An all-enveloping darkness. Suddenly, a child's voice, frightened, questioning, pierces the darkness... The first flickering rays of light begin to sculpt mysterious shapes out of the ... See full summary »
An elaborate Hollywood retelling of the Bible stories narrated by the film's director John Huston. We open with the Creation of the World and arrive at the Garden of Eden with Adam and Eve and continue on to Cain and the murder of Abel. Next, we visit Noah and his ark with its spectacular flood sequence. Then we come to the story of Nimrod, King of Babel, the emergence of man's vanity and the heights to which it could aspire if unchecked. Finally we cover Abraham, a mystic who spoke personally with God, a leader of men, a builder of nations, a pioneer and a warrior and Sarah. At the time she conceived her first child, the event being forecast by an Angel of the Lord. Three such Heavenly Messengers appeared in the course of events which befell Abraham and Sarah. Written by
In some cities (such as Atlanta, GA) this film, which was shot in Dimension 150, a "curved screen" process, was not shown on a curved screen during its first run, despite the fact that there existed Cinerama theaters in those cities. This did not happen with the second and last film released in Dimension 150, the much more successful Patton (1970). See more »
After Cain attacks Abel, Abel falls forward, but when Cain walks over to the body, Abel is face-up. See more »
Lo, here I bring my love beside thee in the tent.
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I've always noticed an interesting trend among critics when they review a Biblical movie. Since most critics are of a skeptical nature, they usually carry with them the bias that unless the movie deviates from a traditional telling of what the Bible says it is somehow dull cinema. That somehow there can't be anything compelling in seeing the stories of the Bible dramatized in a straightforward manner with no inane attempts to "humanize" the tales through the lens of a modern, secular society.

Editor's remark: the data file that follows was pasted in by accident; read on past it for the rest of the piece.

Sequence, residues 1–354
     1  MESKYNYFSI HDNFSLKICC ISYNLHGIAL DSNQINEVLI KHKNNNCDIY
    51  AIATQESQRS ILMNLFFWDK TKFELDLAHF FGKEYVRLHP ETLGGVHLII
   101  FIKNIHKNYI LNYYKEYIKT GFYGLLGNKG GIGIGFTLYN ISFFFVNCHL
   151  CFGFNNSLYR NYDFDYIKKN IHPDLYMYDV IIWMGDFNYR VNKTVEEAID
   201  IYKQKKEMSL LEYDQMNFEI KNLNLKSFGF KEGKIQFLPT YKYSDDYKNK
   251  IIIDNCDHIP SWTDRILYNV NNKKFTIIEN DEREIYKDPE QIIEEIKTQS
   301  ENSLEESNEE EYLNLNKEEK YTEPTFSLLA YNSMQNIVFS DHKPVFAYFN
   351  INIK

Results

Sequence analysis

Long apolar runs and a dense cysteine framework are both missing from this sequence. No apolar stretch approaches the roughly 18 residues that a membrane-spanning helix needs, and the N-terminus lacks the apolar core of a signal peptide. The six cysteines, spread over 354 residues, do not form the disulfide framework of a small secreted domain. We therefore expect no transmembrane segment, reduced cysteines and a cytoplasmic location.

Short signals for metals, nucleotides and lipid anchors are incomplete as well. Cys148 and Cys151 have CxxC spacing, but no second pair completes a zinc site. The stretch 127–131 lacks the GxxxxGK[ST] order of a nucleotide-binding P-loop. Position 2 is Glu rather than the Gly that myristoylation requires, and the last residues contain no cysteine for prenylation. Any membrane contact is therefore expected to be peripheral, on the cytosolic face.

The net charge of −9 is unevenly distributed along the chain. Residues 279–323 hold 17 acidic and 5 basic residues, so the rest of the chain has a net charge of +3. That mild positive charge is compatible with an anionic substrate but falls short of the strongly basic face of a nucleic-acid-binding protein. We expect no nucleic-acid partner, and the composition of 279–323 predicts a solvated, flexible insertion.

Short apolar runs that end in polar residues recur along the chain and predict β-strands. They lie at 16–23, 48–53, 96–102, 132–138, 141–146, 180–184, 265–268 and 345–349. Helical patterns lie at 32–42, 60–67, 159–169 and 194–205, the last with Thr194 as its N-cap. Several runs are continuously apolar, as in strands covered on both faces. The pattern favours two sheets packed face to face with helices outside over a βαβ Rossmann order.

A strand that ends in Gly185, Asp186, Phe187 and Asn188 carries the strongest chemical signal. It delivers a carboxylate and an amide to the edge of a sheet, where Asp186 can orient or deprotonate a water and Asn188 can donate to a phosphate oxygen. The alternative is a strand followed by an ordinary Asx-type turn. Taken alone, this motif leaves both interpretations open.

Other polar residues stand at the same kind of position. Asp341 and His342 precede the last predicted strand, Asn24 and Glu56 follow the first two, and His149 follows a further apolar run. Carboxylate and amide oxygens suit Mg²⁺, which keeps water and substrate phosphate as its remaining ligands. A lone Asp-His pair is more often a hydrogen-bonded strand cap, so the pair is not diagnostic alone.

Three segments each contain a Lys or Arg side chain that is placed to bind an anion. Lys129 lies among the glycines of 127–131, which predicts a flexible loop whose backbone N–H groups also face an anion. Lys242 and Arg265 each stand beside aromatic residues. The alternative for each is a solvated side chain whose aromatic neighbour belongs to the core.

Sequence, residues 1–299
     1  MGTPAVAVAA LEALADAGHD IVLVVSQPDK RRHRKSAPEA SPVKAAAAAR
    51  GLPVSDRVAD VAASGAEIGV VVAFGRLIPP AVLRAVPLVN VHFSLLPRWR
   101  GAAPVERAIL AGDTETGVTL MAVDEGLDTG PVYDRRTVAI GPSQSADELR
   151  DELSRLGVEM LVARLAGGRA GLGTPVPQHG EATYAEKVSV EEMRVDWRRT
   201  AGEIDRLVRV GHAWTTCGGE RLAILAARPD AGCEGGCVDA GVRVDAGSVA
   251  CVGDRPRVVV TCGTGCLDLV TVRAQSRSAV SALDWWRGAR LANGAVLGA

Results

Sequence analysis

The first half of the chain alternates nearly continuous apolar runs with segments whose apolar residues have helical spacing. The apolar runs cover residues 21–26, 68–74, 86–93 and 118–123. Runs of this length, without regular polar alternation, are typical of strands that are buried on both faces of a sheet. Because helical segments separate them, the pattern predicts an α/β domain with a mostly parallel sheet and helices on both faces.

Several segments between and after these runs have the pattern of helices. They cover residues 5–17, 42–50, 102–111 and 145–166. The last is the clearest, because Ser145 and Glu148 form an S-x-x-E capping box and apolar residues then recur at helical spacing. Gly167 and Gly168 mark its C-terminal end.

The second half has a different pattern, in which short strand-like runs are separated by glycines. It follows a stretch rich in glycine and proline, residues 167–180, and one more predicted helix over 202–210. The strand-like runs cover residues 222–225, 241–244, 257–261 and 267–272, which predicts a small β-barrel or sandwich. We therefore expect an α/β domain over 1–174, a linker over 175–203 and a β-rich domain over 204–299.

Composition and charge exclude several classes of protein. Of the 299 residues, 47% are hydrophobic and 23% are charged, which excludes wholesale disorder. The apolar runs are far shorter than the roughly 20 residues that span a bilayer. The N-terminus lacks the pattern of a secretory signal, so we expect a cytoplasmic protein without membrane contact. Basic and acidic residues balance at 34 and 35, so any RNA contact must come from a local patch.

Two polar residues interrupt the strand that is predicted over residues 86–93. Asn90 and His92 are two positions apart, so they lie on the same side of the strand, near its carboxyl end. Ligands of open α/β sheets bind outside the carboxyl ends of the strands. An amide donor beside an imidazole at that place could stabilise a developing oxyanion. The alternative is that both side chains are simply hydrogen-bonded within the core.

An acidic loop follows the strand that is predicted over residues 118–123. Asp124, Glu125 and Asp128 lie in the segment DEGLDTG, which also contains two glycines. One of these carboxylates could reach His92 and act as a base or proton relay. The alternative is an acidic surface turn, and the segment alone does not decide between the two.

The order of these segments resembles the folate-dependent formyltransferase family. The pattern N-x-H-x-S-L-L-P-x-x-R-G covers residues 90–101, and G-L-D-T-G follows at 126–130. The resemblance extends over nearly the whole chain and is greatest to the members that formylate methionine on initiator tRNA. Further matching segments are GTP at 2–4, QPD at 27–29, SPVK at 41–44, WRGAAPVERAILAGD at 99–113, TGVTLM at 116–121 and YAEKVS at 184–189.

Well, I make no apologies for being one of the devout and saying that I prefer my Bible stories straight, without any modernistic elements that are meant to make hidden slams at why the stories are important to begin with. For me, "The Bible" is one of the best Biblical epics precisely because it takes its subject material seriously and only alters a few details (Nimrod for instance is not identified as the king at the time of the Tower of Babel) to get a coherent cinematic presentation in place. Christopher Fry, whose uncredited rewrite of "Ben Hur's" screenplay helped make that film a literate masterpiece of cinema brings the same touch here. And Huston does a fine job of directing.
Those who bash this film, much like those who are given to bashing movies like "The Greatest Story Ever Told" while praising garbage like "The Last Temptation Of Christ" are often saying more about themselves than they are about the film they've just reviewed. What they regard as "boring" I regard as a noble effort to give a visual understanding to the events of the Bible. And "The Bible" despite only covering the first half of the book of Genesis succeeds brilliantly at it.
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